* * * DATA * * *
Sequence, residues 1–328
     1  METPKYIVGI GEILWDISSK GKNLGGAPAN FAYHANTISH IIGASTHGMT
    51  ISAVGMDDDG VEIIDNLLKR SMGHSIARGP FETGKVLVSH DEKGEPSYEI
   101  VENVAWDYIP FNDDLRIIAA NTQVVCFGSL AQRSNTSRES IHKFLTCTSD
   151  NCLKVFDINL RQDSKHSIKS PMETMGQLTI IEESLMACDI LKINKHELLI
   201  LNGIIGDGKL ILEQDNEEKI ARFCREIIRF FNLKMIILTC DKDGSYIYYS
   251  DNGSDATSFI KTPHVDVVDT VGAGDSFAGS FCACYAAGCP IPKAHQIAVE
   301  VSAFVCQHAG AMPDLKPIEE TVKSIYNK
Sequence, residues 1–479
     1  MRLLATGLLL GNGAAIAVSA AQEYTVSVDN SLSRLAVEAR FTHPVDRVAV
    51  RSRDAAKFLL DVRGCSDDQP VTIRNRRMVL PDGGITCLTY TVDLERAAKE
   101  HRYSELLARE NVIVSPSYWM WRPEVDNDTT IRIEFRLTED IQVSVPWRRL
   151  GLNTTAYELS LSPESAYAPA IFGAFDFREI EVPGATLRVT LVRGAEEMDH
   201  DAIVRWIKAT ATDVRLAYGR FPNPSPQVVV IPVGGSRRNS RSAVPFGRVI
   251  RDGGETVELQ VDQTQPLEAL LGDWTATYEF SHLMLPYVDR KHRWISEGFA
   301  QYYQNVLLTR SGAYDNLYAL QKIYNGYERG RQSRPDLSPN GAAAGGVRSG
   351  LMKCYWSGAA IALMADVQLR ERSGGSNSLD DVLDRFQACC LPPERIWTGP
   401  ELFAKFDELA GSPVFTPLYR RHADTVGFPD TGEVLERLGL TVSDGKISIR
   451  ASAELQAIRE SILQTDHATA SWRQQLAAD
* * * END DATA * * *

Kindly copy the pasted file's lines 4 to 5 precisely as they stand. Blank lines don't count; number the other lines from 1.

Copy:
   101  VENVAWDYIP FNDDLRIIAA NTQVVCFGSL AQRSNTSRES IHKFLTCTSD
   151  NCLKVFDINL RQDSKHSIKS PMETMGQLTI IEESLMACDI LKINKHELLI